What role will senators play in naming Thailand's next PM?


Despite declaring that Move Forward will form the next coalition with five other parties, party leader Pita Limjaroenrat is facing one formidable obstacle on his journey to the premiership – the junta-appointed Senate.

Move Forward’s allies are Pheu Thai, Thai Sang Thai, Thai Liberal, Prachachart and Fair parties, and together they will have 310 of the 500-seat House of Representatives.

To become Thailand’s 30th premier, the 42-year-old Harvard graduate will require 376 votes from both houses of Parliament, which means he will require at least 66 votes from the Senate.

The 250 senators were appointed by the National Council for Peace and Order (NCPO) in May 2019 and are seen as a key parliamentary mechanism to help the coup makers retain ruling power.

In this article, The Nation takes a look at who these senators are and why they can choose the next prime minister.

Who are the senators and what do they do?

The current senators are Thailand’s 12th batch and the first under the 2017 Constitution, which stipulates that the number of senators should account for half of the House of Representatives.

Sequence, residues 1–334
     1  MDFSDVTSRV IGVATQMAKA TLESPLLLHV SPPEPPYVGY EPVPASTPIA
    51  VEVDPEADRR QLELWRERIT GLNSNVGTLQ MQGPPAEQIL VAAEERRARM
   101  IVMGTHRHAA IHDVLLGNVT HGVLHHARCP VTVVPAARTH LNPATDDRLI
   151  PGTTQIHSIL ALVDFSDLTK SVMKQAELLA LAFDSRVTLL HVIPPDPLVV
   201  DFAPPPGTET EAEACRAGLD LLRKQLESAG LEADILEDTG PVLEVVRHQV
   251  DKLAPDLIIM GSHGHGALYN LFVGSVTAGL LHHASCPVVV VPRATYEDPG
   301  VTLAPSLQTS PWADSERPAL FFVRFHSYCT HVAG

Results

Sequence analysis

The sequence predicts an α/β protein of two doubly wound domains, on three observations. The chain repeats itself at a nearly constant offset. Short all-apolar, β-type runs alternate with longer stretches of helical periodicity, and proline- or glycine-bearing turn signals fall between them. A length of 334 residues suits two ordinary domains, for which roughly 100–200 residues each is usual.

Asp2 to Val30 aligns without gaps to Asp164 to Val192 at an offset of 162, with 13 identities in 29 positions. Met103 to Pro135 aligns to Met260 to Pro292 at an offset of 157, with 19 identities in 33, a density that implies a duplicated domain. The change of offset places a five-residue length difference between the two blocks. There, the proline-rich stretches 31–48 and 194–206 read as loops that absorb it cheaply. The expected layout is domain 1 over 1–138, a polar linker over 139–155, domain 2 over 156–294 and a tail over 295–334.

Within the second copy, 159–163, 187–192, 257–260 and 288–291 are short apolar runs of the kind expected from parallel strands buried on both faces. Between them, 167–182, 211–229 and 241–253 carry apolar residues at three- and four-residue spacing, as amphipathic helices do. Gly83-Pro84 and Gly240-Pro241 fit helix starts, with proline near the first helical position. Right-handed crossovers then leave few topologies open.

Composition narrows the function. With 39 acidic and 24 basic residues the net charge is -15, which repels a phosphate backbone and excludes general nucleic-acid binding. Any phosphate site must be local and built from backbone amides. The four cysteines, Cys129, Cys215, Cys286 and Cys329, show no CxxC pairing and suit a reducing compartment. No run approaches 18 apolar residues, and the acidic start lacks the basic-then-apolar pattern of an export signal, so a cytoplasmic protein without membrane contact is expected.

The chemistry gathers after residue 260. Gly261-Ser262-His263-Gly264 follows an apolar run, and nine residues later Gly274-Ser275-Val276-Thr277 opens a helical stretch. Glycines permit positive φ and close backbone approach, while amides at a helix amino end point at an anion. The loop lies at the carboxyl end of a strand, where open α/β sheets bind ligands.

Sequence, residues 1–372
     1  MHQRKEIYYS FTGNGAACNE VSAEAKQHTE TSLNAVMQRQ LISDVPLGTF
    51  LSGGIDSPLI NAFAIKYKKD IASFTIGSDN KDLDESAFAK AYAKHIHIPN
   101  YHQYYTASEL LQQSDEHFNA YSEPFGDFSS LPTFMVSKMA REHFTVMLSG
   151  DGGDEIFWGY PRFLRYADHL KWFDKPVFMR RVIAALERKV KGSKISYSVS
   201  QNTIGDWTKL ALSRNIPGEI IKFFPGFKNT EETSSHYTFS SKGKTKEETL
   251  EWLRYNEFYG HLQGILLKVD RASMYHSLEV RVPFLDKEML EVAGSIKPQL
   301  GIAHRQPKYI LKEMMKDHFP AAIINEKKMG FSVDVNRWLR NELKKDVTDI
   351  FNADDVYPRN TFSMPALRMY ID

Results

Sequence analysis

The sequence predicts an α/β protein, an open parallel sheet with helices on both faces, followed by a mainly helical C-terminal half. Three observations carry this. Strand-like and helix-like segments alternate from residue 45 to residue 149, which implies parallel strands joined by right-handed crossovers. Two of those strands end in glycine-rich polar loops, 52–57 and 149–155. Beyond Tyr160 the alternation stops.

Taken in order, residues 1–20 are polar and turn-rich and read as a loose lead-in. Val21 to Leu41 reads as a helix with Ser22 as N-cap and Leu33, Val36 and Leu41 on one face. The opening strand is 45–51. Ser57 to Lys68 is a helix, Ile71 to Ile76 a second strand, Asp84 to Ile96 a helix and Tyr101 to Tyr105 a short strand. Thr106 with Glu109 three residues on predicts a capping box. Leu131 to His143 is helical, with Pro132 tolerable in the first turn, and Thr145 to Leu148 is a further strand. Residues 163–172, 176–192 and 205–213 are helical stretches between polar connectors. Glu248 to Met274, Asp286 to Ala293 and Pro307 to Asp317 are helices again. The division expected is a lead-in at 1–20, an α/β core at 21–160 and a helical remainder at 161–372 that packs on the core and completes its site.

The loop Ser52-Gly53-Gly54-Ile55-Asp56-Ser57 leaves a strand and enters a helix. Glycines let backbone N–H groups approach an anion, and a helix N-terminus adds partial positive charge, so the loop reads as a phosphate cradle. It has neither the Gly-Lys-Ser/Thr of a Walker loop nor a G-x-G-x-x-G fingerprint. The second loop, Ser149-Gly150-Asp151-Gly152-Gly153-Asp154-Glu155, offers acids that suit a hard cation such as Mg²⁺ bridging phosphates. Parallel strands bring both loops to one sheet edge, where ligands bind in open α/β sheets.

The 250 senators have a five-year term in office and are responsible for following up and making suggestions on the administration, as well as ensuring that the country’s development matches the national strategy.

Most importantly, senators have the power to select the PM with members of the Lower House from the list of candidates proposed by elected parties.

Pita Limjaroenrat

Where do senators come from?

There are three ways a Thai national can become a senator:

1. Automatically upon assuming the following position:

  • Supreme Commander-in-Chief
  • Army chief
  • Navy chief
  • Air Force chief
  • National Police chief
  • Defence Ministry permanent secretary

2. Elected by other senators

3. Appointed by the King or military junta.

Most of the senators in place were appointed by the NCPO, which was established after the May 2014 military coup.

The selection committee was chaired by General Prawit Wongsuwon, who later served as deputy prime minister in the subsequent military government.

Powers of senators, from past to present

Since the establishment of the Senate in 1946, the Thai Parliament has had a total of 12 batches of senators in 77 years.

Senators’ roles and powers have changed every time a new charter has been written.

The provision in the 2017 Constitution has been widely criticised because it gives the Senate a five-year term and gives senators the power to vote for the PM.

Several parties have criticised this, saying that giving senators voting power contradicts democratic principles as senators are not elected.

Fixing this issue has also proved to be problematic, as amending the Constitution will require a nod from a third of the Senate or at least 84 senators.

The 2017 Constitution’s provision is the first of its kind, as no senators in the previous batch had the power to select the PM.

History of the Thai Senate

1946: First Senate is established with 100 royally appointed members